Friday, January 13, 2012

Health problems linked to periodontal disease – part 2

Here are some more of the general health consequences an untreated bad bite can lead to as the cause of gum and/or periodontal disease.

Pregnant women that have periodontal disease are seven times more likely to have a baby that is born prematurely or too small. Physicians ponder over the possible relationship between premature births and low birth weight babies with periodontal disease in the mother. The reasoning is that toxins given off by the bacteria have a bad effect on the baby and might trigger premature birth.

S. mutans is a bacteria that lives in the dental plaque. It is known that it causes cavities and churns out acids that erode teeth. Sometimes S. mutans can enter the bloodstream and travel to the heart halves causing dangerous endocarditis. Straight teeth collect less dental plaque.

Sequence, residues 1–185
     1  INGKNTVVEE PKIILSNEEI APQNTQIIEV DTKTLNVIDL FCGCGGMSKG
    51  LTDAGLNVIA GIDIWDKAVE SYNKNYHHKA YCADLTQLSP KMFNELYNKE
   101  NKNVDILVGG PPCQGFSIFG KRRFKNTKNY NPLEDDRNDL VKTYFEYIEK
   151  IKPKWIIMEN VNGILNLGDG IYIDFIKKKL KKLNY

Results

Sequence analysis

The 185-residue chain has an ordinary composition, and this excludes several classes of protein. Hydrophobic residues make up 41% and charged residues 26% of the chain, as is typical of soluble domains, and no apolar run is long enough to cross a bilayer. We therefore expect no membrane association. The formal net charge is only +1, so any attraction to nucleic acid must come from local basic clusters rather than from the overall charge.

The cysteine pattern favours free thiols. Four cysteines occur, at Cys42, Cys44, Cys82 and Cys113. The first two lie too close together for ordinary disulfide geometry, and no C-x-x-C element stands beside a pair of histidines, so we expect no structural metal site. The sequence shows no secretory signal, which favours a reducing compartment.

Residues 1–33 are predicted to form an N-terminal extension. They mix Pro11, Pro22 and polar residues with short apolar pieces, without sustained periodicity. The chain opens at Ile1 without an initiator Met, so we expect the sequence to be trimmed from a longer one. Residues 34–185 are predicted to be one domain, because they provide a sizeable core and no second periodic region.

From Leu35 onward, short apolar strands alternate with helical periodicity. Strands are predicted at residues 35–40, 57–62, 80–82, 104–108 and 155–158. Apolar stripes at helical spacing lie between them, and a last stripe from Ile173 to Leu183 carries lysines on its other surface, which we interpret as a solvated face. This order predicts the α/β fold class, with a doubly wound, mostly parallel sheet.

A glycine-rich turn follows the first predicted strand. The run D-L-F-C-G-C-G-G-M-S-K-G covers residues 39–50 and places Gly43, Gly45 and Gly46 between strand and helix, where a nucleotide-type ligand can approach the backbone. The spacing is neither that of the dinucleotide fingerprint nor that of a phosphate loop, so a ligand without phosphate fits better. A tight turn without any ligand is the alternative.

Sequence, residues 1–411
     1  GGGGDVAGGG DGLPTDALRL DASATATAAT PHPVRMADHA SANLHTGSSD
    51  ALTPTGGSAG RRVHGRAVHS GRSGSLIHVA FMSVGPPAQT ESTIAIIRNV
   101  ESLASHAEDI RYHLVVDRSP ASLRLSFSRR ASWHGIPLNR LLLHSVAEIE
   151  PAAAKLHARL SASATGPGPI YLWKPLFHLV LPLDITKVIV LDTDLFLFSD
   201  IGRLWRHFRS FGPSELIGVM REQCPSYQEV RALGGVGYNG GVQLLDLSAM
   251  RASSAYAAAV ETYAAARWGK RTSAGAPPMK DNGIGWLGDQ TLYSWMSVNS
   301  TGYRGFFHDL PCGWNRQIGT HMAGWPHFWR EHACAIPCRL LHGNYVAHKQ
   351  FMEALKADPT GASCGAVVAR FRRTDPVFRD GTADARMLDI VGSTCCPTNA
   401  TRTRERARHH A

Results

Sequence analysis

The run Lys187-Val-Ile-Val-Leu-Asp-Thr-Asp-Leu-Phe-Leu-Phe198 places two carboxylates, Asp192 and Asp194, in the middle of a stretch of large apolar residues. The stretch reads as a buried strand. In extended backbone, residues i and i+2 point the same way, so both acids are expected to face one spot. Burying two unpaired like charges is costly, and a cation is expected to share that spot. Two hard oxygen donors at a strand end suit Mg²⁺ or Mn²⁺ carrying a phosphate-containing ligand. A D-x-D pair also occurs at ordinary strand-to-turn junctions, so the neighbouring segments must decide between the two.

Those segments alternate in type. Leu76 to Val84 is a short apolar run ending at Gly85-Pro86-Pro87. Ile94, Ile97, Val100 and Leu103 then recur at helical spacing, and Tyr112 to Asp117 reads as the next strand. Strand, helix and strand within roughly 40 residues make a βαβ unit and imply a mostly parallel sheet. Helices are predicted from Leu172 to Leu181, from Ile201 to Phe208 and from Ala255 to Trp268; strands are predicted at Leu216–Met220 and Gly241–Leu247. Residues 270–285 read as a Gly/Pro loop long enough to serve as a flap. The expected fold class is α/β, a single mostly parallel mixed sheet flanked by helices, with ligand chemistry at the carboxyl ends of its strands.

Lastly, a study from Sweden concluded that exposure to inflammation early in life increases the risk of developing Alzheimer’s disease by a fourfold factor. One of the major sources of infections detected by this study was periodontal disease.

In conclusion, while we can’t say that straight teeth and good oral health can prevent certain types of cancer or Alzheimer’s disease, we can say that the constant inflammation resulting from the association between crooked teeth and periodontal disease may lead to severe consequences later in life.